Green Jobs: An Estimate of Direct Employment Potential of a Greening South African Economy

  • Year: 2011

Official project name: Green Jobs - An estimate of direct employment potential of a greening South African economy

Client: Industrial Development Corporation, Development Bank of Southern Africa and TIPS

Funder: Industrial Development Corporation, Development Bank of Southern Africa and TIPS

Duration: 2011

Summary

TIPS, the Industrial Development Corporation (IDC) and the Development Bank of Southern Africa (DBSA) contributed to a groundbreaking report that estimated the direct job opportunities from a greening economy in South Africa.

The joint report, launched in December 2011, estimated the employment potential in the formal sector of the green economy in South Africa to be about 98 000 new direct jobs in the short term (2011-2012), almost 255 000 in the medium term (2013-2017) and around 462 0000 employment opportunities or part-time jobs in the long term (2018-2025).

Manufacturing and construction jobs each comprise about 10% (46 000) of the total number of jobs, with most associated with operation and maintenance (O&M) services. In total, 26 industries were covered including sectors such as energy generation, energy and resource efficiency, emission and pollution mitigation, and natural resource management. In the long term, almost 50% of this job creation potential stems from natural resource management, activities associated with biodiversity conservation and ecosystem restoration, as well as soil and land management. Payment for ecosystem services could also generate substantial employment opportunities.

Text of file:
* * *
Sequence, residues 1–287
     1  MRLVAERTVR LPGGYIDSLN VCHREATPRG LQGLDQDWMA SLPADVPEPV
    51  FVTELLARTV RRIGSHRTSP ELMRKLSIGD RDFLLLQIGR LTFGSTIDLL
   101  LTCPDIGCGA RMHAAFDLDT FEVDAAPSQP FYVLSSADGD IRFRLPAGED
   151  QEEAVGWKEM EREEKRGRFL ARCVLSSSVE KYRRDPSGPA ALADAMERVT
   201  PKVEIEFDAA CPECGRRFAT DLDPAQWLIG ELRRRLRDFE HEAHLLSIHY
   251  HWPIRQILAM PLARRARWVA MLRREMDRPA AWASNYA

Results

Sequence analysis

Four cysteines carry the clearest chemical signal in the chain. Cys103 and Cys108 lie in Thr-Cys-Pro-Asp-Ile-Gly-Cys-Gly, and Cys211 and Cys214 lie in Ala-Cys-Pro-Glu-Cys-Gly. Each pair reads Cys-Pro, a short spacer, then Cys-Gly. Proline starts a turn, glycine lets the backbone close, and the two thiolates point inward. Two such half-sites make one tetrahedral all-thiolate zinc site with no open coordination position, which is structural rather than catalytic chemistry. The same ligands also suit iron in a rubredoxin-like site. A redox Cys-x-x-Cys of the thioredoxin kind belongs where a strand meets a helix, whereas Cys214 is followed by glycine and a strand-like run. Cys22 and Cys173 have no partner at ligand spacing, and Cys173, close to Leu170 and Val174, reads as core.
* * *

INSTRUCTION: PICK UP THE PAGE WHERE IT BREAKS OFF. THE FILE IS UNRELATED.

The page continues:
Energy generation comes second with more than 130 000 employment opportunities (28% of the total), growing rapidly from 13 500 (14%) in the short term. Job creation in energy and resource efficiency is expected to double from 31 500 in the short term to 68 000 in the long term, accounting for under 15% of the total. The potential of emission and pollution mitigation is more limited. The sector should still result in about 32 000 jobs in the long run.

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